Residential property management requires a degree of professionalism and expertise acknowledged by state-specific licensure that demonstrates a manager’s education, experience, trustworthiness, and understanding of the industry, as well as required business practices specific to property management.
Most property managers are required to hold a property management license or a real estate broker’s license in order to conduct real estate transactions, which includes those related to managing and leasing rental properties. Only a couple of states do not have this requirement.
What Is a Property Manager Vs. A Real Estate Broker?
Property management licenses and real estate broker licenses are granted by state governments, real estate boards, or local authorities in the state where a manager conducts real estate transactions.
A property manager acts as the middleman between renters and the rental property owner. State regulations designate specific practices all property managers must follow for managing tenant and owner funds and collecting fees. States also establish landlord-tenant laws that all property managers must follow, designed to protect tenants, owners, investors and managers. Part of these state requirements includes proper licensing to demonstrate an understanding of landlord-tenant laws and standard property management processes.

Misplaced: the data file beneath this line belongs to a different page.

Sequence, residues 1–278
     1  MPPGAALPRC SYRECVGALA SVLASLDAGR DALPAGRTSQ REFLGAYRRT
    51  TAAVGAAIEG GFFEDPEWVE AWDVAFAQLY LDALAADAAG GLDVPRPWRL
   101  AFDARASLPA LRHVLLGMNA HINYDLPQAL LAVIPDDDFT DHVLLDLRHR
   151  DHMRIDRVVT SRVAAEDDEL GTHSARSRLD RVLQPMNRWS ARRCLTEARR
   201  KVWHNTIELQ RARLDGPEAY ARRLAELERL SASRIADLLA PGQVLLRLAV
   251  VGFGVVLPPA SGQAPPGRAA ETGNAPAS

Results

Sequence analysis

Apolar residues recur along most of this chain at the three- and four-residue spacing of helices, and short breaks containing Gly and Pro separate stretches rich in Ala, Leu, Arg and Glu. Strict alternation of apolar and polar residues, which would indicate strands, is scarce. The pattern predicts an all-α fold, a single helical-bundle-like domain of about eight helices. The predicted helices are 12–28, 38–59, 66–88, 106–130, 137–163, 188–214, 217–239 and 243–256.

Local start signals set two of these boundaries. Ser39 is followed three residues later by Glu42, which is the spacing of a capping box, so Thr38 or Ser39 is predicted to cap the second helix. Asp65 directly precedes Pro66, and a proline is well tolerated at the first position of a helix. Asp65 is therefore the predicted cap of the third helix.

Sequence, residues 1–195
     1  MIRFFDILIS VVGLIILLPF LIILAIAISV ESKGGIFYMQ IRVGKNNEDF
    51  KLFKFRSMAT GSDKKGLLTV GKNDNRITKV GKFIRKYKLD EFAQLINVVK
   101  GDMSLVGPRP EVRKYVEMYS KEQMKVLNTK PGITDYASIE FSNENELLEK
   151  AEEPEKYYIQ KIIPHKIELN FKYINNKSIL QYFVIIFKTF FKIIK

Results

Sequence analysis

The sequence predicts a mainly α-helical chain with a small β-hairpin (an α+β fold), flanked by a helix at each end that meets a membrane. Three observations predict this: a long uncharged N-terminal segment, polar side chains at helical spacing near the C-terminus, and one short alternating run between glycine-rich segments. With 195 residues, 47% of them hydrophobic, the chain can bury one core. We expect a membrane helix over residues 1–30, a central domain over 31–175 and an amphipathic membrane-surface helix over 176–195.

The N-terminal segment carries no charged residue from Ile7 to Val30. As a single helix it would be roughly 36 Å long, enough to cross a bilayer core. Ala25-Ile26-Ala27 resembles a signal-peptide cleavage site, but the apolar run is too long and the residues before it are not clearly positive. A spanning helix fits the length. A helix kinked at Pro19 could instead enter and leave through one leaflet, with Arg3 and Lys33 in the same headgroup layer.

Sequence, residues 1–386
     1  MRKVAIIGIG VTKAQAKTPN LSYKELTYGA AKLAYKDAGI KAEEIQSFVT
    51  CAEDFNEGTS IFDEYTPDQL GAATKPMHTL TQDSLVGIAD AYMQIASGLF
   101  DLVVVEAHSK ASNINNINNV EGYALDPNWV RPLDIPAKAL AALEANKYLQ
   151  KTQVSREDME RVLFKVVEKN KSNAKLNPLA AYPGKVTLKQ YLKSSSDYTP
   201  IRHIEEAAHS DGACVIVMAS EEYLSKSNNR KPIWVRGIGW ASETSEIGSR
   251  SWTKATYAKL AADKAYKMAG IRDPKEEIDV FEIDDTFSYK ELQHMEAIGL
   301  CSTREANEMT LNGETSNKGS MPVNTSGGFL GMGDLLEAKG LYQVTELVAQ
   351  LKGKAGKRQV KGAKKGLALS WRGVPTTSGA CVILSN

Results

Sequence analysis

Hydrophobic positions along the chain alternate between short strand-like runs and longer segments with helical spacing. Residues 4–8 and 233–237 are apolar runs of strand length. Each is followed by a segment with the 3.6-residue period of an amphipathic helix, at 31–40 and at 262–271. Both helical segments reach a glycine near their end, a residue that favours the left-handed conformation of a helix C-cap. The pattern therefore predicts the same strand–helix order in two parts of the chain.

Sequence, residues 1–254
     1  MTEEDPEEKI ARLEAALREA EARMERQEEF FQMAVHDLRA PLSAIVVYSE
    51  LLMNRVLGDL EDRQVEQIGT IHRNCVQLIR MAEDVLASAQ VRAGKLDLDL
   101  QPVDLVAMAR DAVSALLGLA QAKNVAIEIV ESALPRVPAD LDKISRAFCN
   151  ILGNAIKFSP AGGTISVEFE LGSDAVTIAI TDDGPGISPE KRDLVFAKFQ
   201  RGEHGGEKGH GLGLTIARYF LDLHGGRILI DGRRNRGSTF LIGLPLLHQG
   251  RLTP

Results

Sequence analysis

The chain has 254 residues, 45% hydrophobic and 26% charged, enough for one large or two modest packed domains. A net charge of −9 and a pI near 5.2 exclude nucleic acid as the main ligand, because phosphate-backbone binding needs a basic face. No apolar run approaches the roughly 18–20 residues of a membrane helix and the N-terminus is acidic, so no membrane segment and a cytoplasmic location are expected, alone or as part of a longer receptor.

A property manager may work individually managing rental properties or as part of a larger management company.
Any individual looking to become a property manager will find general information below about types of licenses and their requirements needed to legally manage rental properties for owners and investors. A landlord who is considering hiring a property manager for their investment property should verify that all potential candidates hold a valid license for your state.